Take a look at our infographic which explains the difference between embodied, operational and sequestered carbon.

Managing timber supplies

Despite the fact that timber is a naturally occurring and sustainable material, its supply is not without limits.

The UK currently imports 80% of its timber from overseas which means that it must be transported by train, boat and lorry to its destination. According to Forest Research, the UK is the largest net importer of wood and wood products after China.

Boosting the supply of home-grown timber is therefore considered another important element of our route to net zero. In the UK, Scotland and Wales are leading the way in this area with 19% and 15% of their land given over to forestry respectively. England lags behind with just 13% of its land given to forestry. The UK Committee on Climate Change report ‘Land use: Policies for a Net Zero UK’, recommends increasing this by 4%, hence the government’s target of 30,000 hectares of tree planting per year.

Image of inside Orsman RoadReduce, reuse, recycle

Other key factors in improving sustainability are reducing the amount of raw materials we use, re-using materials where possible, recycling and reducing overall wastage.

It’s essential that we think more carefully about how we use our resources and what we do with them at the end of their life. Designing buildings that can be flexible during their lifetime, and also designing in the option to dismantle and re-use building components and materials is an increasingly important element of sustainable architecture and design.

6 Orsman Road by Waugh Thistleton is an office building constructed from CLT and designed to be dismantled at the end of its life. It was also designed to be fully flexible, so as tenants’ needs change over time, the building can be reconfigured accordingly. Similarly, created by Lifschutz Davidson Sandiland, the Paradise Gardens homes were designed to be easily reconfigurable to adapt to the changing needs of residents over time.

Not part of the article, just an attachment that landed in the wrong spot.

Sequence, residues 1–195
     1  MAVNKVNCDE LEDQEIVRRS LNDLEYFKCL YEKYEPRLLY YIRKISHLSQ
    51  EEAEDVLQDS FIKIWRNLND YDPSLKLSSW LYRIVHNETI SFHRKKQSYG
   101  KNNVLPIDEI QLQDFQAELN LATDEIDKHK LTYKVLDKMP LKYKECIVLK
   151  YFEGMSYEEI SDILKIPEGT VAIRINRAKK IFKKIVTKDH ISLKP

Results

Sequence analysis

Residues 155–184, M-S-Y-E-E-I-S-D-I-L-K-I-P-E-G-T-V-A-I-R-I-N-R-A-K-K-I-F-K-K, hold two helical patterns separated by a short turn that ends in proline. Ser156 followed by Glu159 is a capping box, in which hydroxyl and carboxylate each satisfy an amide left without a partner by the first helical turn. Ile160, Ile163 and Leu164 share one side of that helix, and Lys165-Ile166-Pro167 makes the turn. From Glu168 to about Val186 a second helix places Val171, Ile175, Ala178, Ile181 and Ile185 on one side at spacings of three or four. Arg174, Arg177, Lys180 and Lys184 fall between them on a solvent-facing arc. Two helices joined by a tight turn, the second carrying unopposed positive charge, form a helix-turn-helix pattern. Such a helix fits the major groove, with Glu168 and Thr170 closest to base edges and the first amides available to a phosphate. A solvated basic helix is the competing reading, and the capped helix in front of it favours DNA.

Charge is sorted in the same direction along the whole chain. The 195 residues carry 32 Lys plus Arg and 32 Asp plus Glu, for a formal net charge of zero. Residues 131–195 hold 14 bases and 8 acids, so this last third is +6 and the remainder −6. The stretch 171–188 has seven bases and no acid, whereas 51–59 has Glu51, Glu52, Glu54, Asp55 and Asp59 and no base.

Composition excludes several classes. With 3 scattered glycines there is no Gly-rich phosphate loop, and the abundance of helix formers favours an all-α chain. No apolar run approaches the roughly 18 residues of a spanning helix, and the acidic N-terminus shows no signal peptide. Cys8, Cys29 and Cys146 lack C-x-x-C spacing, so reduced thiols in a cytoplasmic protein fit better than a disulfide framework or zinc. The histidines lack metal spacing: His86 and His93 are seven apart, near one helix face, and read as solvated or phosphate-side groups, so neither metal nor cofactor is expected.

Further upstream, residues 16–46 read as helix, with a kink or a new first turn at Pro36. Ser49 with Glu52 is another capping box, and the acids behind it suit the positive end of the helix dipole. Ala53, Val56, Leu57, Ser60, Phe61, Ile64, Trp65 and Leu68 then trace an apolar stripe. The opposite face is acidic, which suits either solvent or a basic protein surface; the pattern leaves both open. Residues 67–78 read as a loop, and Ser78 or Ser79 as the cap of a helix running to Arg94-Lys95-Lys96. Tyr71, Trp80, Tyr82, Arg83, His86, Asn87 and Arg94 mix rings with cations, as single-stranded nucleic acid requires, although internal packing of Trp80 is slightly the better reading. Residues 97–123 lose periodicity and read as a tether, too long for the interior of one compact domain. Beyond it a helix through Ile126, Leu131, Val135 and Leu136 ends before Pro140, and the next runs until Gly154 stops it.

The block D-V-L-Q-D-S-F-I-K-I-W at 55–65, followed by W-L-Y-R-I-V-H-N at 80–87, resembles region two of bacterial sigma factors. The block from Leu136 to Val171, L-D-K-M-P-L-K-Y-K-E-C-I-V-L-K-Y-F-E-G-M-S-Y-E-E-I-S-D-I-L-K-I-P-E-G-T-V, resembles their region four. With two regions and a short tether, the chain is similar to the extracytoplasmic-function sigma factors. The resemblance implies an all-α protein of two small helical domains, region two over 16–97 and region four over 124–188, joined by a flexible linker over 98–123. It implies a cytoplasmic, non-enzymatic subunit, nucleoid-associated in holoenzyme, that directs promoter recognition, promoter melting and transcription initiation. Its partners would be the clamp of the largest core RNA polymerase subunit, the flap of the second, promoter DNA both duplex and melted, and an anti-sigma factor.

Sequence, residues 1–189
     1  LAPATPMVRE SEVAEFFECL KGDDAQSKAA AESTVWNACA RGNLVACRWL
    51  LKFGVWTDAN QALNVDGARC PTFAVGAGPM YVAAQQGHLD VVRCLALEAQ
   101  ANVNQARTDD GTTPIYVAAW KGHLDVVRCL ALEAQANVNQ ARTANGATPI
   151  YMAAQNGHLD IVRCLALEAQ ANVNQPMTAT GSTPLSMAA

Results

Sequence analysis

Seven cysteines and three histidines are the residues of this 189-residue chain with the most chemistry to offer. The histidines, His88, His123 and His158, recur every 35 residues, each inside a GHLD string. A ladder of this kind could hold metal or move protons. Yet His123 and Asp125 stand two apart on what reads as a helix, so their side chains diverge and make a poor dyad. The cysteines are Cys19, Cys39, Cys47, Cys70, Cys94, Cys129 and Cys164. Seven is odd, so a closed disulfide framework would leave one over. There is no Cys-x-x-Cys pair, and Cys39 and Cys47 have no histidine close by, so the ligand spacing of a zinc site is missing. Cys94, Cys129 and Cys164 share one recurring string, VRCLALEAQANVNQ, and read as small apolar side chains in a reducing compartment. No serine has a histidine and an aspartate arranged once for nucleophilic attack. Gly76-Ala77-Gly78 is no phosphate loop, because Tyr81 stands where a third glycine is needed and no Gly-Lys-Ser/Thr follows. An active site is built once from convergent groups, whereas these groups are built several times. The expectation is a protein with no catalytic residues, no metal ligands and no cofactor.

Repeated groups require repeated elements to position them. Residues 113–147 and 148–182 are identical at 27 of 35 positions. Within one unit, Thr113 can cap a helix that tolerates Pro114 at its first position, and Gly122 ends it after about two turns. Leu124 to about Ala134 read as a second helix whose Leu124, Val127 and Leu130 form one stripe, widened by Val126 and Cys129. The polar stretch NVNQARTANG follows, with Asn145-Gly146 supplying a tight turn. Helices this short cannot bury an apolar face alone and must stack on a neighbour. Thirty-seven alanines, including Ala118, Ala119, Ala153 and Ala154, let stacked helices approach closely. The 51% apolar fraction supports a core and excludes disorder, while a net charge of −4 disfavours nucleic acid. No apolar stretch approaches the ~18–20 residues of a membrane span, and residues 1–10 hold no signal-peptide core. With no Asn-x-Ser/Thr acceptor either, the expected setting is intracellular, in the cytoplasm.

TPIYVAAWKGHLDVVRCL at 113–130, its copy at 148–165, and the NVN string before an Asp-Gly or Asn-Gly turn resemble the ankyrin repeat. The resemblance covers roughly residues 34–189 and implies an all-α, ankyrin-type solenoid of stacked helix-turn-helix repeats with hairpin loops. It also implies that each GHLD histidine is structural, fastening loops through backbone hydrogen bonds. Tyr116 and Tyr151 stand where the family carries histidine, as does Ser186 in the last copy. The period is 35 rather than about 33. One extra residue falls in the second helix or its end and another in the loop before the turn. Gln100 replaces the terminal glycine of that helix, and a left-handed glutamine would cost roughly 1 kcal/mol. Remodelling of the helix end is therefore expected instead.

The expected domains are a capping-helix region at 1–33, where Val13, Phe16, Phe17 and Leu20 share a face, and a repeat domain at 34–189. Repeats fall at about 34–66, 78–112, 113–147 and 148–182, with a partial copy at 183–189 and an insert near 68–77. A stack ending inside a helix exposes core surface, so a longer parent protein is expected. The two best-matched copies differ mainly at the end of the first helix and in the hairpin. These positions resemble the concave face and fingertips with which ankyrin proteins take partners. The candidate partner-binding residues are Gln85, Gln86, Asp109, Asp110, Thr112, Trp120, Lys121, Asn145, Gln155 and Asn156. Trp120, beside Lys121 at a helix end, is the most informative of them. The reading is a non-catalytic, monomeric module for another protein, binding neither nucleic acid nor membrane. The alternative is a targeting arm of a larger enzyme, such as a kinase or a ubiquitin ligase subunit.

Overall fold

The Paradise building for Bywater Properties aims to be an exemplar in net zero architecture. Flexibility for the future was a key part of the brief and the building is designed to be re-configurable internally and also to be demountable at the end of its life.

Recycled timber featured heavily in this home makeover by Oliver Heath Design which used recycled timber pallets for internal cladding.

How to choose the right timber for sustainable design

When specifying timber, always opt for timber that is FSC or PEFC certified. These stamps of approval show that the timber has been sustainably forested and managed.

Choosing the right species of wood for the application and considering where it was sourced is also important. Think carefully about the species of timber you’re using and where it has come from. The TRADA Wood Species Database has more details.

For guidance on specifying the timber with the lightest touch on the environment for your project, take a look at our lifecycle database.

Environmental Product Declarations aim to provide all the information required to enable specifiers to make informed choices about the environmental impact of individual options, and to compare like with like. For more information about EPDs and the differences between them, take a look here.